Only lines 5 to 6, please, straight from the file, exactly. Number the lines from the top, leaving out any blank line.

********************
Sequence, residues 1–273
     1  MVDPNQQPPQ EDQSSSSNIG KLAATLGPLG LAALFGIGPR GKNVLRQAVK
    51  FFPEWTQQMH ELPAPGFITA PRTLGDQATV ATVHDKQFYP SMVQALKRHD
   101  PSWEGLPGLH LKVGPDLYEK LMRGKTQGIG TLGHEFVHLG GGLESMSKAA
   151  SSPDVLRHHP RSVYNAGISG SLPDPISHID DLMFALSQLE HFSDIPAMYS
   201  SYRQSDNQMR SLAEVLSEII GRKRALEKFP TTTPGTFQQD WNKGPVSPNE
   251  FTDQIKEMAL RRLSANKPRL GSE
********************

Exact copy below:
   151  SSPDVLRHHP RSVYNAGISG SLPDPISHID DLMFALSQLE HFSDIPAMYS
   201  SYRQSDNQMR SLAEVLSEII GRKRALEKFP TTTPGTFQQD WNKGPVSPNE